Our demographic challenges require new economic thinking

Capital markets have experienced a major shift in sentiment over the course of the last couple of months. Fears over secular stagnation and deflation have dissipated, and investors have been willing to embrace risk assets again. Many economists have revised upwards their estimates of global economic growth, starting first with the US where the fiscal reigns are expected to be loosened in order to meet some of President Trump’s pre-election promises to voters.

Whilst there is clear short-term momentum in economies like the US and UK, where unemployment rates are low and consumption is robust, there remain long-term secular themes that investors should be aware of when they formulate long-term investment decisions. One of these themes is a shift in the focus of economic policy, driven by demographics. Unlike economic variables, demographic trends are predictable and greatly impact all of us.

The global economy has now passed an important tipping point. For the first time in recorded history, children under the age of 5 no longer outnumber those aged 65 and above. We have arrived at “peak child”.


The United Nations has estimated that the global population will continue to age, and by 2050 over 15% over the global population will be aged over 65. Economists often point to the challenges that Japan faces as the population ages; by 2050, most of the G7 will have a similar demographic profile as Japan does today, as will China, Brazil and Russia. Longevity risk, the risk that people live longer than expected, could put huge pressure on our current retirement systems. Research from Merrill Lynch Bank of America suggests that age-related spending is already 40% of government spending in developed markets, and as high as 55% for the US. Rising healthcare costs could push 60% of developed market sovereigns sub-investment grade by 2050 without significant policy action.

In order to meet the challenges presented by an ageing society, we will need to work longer and think about policies and initiatives that incentivise people to work past the traditional retirement age. If these issues aren’t addressed, increasing old-age dependency ratios could have wide-ranging impacts on government finances, productivity rates, and inequality. Additionally, we need to have a think about what economic success looks like.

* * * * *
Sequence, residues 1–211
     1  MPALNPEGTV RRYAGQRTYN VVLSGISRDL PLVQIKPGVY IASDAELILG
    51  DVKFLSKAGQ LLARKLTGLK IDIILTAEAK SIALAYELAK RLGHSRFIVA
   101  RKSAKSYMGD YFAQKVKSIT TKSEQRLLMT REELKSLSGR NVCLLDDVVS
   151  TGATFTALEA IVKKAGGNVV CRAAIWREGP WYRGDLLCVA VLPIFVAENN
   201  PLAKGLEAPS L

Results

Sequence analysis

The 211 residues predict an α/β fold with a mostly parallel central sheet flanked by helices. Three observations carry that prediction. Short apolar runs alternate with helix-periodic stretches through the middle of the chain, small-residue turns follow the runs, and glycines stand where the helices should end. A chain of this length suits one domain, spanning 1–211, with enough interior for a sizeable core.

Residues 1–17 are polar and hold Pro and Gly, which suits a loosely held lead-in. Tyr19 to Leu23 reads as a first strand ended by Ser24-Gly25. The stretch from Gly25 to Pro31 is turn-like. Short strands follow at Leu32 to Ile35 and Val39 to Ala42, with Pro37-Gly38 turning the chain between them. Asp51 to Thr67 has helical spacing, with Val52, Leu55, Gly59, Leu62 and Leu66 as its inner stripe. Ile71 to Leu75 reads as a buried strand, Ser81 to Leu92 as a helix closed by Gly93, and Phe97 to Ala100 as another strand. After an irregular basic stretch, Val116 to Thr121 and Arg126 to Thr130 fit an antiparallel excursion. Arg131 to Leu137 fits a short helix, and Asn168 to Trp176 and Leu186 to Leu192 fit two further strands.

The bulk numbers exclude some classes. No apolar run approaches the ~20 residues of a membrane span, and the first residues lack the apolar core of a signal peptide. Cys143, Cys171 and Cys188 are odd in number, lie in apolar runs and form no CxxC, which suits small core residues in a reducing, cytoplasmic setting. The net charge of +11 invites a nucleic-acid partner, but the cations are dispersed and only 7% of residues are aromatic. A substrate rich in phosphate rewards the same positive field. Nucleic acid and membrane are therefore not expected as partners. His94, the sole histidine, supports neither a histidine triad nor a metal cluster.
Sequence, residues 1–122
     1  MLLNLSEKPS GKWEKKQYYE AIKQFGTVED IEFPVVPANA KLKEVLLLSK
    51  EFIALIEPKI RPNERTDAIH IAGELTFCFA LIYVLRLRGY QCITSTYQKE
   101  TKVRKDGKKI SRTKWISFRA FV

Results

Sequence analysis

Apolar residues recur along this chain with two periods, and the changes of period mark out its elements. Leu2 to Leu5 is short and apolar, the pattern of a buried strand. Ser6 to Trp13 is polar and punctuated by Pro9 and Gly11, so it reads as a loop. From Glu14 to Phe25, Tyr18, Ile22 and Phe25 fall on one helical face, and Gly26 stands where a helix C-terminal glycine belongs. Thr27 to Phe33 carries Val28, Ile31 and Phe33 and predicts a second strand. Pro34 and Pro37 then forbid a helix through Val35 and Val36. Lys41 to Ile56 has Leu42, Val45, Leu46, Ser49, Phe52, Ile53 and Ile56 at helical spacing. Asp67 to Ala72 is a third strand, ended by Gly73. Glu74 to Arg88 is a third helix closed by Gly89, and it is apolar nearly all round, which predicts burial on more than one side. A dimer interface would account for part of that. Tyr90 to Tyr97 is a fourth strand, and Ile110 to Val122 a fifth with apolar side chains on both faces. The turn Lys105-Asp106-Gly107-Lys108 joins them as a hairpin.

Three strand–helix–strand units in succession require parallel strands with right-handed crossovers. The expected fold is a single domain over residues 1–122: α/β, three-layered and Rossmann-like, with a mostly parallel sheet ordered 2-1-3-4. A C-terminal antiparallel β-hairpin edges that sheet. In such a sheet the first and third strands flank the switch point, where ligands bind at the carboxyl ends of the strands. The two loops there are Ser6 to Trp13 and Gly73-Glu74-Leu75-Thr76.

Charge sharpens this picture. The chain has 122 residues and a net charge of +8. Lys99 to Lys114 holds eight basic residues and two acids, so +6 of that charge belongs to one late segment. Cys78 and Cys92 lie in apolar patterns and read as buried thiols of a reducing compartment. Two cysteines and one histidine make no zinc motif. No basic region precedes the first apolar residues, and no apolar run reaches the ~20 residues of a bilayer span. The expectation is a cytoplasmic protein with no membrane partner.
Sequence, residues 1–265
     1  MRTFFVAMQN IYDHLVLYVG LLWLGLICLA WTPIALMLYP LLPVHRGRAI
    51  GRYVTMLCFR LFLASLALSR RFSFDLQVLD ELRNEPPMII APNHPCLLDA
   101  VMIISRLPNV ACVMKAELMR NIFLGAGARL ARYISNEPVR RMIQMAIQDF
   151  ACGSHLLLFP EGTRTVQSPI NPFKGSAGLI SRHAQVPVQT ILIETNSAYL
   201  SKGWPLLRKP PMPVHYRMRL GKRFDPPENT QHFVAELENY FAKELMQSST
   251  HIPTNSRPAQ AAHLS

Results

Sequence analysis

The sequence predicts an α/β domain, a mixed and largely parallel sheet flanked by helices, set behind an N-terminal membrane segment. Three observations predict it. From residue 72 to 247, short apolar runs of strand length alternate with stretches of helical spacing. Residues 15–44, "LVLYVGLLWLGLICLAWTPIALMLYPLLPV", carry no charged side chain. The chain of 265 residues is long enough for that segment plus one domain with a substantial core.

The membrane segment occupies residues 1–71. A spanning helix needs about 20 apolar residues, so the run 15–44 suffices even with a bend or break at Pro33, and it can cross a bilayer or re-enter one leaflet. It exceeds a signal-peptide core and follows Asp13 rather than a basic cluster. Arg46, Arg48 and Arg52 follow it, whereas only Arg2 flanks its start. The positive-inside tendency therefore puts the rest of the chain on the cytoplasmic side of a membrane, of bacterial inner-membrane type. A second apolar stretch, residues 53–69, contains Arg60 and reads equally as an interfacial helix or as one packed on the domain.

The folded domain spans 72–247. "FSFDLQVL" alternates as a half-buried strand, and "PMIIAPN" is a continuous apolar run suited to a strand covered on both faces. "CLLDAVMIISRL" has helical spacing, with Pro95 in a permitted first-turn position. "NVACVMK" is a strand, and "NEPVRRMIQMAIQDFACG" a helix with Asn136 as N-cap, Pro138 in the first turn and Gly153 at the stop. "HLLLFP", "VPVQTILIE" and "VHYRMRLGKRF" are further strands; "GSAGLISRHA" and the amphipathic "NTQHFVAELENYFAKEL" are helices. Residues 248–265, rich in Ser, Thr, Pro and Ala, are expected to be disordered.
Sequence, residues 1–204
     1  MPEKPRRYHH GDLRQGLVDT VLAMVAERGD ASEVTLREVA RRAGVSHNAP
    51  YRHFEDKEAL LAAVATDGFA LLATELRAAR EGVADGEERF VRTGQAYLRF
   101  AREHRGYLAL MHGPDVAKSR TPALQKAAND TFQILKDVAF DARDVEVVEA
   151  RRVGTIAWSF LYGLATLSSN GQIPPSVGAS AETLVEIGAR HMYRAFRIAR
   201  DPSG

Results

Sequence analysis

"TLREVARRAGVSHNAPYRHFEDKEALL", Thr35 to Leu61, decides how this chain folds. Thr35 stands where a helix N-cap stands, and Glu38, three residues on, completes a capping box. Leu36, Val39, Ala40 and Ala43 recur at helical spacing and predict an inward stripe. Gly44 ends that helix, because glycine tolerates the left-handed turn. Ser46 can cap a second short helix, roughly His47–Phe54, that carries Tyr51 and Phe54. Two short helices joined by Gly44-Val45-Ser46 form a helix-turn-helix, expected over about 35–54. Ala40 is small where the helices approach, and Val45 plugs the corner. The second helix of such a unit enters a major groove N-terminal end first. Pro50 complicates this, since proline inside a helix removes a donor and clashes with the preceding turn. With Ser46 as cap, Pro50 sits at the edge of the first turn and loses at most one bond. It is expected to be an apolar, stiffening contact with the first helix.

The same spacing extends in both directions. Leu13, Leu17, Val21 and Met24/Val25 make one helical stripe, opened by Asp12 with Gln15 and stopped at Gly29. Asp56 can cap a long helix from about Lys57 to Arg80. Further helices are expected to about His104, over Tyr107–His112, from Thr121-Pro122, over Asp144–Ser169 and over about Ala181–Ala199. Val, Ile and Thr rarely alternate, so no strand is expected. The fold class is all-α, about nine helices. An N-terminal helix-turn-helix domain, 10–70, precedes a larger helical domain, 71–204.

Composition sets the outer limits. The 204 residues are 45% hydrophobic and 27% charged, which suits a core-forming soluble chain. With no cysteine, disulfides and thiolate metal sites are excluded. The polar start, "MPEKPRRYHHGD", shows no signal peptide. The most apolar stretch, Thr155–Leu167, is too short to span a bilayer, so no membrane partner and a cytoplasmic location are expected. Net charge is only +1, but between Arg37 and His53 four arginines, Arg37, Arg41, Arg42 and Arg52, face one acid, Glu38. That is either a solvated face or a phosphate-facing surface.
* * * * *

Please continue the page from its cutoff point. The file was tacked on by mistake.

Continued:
Aging populations represent a huge success for science, with medical advances extending the lifespan of the average human by decades. They also represent a huge challenge for policymakers, and our economic model needs to adapt to this shifting demographic. As Richard has pointed out previously, Gross Domestic Product (GDP) is used by policymakers and economists as a yardstick to compare the relative success of economic policy across the globe. However, using GDP as a measure of economic success is misleading. Focusing on Japan (as an economy that has experienced a high public debt/GDP ratio, private sector and household deleveraging, deflationary pressure and an aging population) we see that GDP suggests that the country is an economic laggard compared to the rest of the G7.


However, looking at GDP per the population of working age (15-64) shows that Japan has enjoyed the third best economic performance in the G7 since 1990. Consequently, Japan has enjoyed a much stronger economic performance than many perceive. Rather than experiencing “lost decades” of growth, the Japanese economy has experienced stable prices, low unemployment and low interest rates. For the average Japanese citizen, living standards have not deteriorated, and on the contrary have improved.

In a world where immigration policy reform is increasingly dominating political agendas, policymakers should recognise that GDP largely reflects a demographic profile where more workers enter the workforce, who (if everything goes to plan) will then produce, earn, and consume more than the previous quarter. Naturally, as the workforce shrinks due to ageing, the reverse will be true. However, it does not necessarily mean that an economy is underperforming if the trend rate of growth is falling to reflect a smaller workforce. The changing demographic trend that the developed and parts of the emerging world are now experiencing will increasingly act as a headwind to global GDP. China in particular, which has driven global growth post-crisis, will likely slow markedly in coming years from historic growth rates. In the future, it will be important for policymakers to look beyond GDP as a measure of economic success, in favour of alternative measures which look at economic well-being.

Whilst it is easy to focus on near-term tactical shifts in markets, it is increasingly important to focus on long-term secular trends that are re-shaping the economies that we live in. Higher rates of GDP are not necessarily the answer to face the challenge of an aging population. Individuals, companies, and governments will have to adapt to these challenges, and we may find that in the future we see a greater focus on intergenerational fairness and living standards than has historically been the case.

Of course, the effects of ageing will have far-reaching impacts on financial markets. Ageing societies will usher in an era of saving, which should provide a tailwind for companies that help people plan, invest and save for retirement.

Fixed income and dividend-paying equities will probably benefit in this environment given both asset classes provide a regular income for retirees to use.

Additionally, the structural demand for longer-dated bonds from insurers and pension funds may limit the extent to which bond yields can rise in the future.

The value of investments will fluctuate, which will cause prices to fall as well as rise and you may not get back the original amount you invested. Past performance is not a guide to future performance.

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